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  #1  
Old 04-07-2010
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Fix Tabbing

If you have some bulkhead repair and the tabbing has to be replaced what is the ideal setup.
I'm thinking?
  1. Grind everything rough with 80 grit.
  2. Fit bulkhead clear of hull by thickness of plywood. IE 1/2" plywood 1/2" clearance.
  3. Fold in 4" 6 oz tape on both sides
  4. Cover with three more layers 6", 8", 10"

Is that enough?
I'm working on a small boat 25' but even for a bigger boat I suspect I would just add a couple more layers.
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Old 04-07-2010
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i would use a few more layers and when done putting it all on put some plastic ( saran wrap, trash bag etc ) over it and use a plastic squeege to remove as much resin as possible. then when cured remove the plastic, this will make it as solid as possible, as the strength is the glass not the resin. maybe even dont do the clearancing where the tabbing is going. a high resin % is weaker, and the clearancing will make it hard to not have too much resin in the gap. but feel free to have clearance where there is no tabbing
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Old 04-08-2010
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Are you planning to just leave an empty gap between the bulkhead and the hull? I think I've heard about installing foam with a trapezoidal cross-section shaped so the tabbing goes over it at the angle you want.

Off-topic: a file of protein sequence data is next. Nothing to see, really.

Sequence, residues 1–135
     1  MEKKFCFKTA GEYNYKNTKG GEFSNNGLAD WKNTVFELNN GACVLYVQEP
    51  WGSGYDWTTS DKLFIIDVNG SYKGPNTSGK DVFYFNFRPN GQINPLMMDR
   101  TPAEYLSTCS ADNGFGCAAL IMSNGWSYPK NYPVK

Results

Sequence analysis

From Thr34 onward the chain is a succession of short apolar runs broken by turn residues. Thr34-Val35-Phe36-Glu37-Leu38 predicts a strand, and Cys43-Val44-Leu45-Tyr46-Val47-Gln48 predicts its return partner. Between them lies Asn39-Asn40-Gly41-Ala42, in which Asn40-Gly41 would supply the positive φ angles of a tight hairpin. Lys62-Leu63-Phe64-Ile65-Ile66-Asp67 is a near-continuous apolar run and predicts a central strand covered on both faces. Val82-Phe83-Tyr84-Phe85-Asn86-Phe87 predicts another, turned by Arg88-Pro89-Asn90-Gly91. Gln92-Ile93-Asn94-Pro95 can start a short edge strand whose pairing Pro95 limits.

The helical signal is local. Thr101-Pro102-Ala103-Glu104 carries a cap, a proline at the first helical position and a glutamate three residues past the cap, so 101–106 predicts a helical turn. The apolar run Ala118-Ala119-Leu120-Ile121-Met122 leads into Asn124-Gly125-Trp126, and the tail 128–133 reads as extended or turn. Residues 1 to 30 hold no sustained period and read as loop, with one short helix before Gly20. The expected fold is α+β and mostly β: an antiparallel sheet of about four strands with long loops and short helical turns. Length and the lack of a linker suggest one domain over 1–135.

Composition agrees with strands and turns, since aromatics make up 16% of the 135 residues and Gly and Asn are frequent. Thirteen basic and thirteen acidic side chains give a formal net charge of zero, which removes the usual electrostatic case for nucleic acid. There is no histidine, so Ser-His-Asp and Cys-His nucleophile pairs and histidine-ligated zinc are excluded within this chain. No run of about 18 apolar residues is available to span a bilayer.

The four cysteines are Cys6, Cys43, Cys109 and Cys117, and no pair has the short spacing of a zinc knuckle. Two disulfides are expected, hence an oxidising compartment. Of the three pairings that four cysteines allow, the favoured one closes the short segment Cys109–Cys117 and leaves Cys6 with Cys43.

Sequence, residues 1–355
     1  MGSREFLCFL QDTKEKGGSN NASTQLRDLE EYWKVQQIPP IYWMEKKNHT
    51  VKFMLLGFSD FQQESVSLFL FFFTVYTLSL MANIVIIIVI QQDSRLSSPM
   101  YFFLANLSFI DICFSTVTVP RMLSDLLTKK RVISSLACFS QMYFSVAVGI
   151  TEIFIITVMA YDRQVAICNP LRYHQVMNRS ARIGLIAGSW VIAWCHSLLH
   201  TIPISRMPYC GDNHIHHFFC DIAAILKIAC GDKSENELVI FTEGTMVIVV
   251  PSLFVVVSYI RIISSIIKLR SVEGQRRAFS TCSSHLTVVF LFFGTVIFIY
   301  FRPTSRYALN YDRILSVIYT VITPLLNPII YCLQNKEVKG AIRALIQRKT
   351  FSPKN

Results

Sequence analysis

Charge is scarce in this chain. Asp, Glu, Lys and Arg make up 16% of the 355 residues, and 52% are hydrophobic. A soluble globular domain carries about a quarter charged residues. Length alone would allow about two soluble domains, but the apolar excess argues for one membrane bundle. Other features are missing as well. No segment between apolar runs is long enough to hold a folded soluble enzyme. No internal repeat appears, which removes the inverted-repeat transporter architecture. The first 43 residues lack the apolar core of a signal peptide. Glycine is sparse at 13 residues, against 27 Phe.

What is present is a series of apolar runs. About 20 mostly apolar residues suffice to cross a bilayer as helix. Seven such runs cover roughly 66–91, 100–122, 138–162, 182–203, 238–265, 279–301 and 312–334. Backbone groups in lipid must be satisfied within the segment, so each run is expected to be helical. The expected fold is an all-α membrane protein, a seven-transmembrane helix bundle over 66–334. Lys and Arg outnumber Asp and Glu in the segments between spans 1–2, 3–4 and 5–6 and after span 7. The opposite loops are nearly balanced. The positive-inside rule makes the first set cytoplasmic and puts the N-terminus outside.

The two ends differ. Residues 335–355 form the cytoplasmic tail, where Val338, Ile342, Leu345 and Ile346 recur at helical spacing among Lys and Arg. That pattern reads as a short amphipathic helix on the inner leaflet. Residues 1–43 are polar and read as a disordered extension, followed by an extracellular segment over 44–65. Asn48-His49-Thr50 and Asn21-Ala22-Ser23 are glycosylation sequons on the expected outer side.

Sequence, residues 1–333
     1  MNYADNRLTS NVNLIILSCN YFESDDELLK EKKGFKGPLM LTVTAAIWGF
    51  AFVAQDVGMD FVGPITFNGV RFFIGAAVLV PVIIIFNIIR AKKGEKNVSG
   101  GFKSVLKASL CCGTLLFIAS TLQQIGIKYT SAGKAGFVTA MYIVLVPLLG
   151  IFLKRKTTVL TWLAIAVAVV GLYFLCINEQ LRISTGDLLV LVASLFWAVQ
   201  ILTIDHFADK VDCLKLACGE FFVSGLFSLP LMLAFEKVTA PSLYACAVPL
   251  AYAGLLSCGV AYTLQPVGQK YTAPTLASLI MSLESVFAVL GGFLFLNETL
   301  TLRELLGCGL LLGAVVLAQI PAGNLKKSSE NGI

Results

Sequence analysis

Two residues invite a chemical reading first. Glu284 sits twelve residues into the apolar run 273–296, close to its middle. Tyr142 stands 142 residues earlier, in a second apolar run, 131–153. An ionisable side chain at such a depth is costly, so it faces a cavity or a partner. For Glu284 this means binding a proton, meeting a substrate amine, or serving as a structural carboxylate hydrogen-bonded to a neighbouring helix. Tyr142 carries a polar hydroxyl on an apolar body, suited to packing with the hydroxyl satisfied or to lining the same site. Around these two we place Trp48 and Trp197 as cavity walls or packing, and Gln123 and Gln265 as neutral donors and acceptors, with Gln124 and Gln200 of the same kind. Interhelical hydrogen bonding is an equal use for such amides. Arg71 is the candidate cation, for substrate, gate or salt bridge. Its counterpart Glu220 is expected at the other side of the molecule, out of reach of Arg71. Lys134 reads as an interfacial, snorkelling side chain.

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Old 04-08-2010
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The foam is just there as a spacer so the load is taken evenly by the tabbing and no hard spots are created. I believe Morris uses a spacer and removes it after glassing one side but before glassing the other side.
As for the cloth, I'd use biaxial. Here's a link to bulkhead attachment by a pro:
Northern Yacht Restoration | Bolero, Shields Class #9
scroll down the page halfway.
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Old 04-08-2010
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You really want to have some clearance so as not to create a hard spot along the hull where the bulkhead is touching it. That will lead to the hull laminate flexing and hinging at a specific spot repeatedly and cause it to fatigue and fail there.
Quote:
Originally Posted by scottyt View Post
i would use a few more layers and when done putting it all on put some plastic ( saran wrap, trash bag etc ) over it and use a plastic squeege to remove as much resin as possible. then when cured remove the plastic, this will make it as solid as possible, as the strength is the glass not the resin. maybe even dont do the clearancing where the tabbing is going. a high resin % is weaker, and the clearancing will make it hard to not have too much resin in the gap. but feel free to have clearance where there is no tabbing
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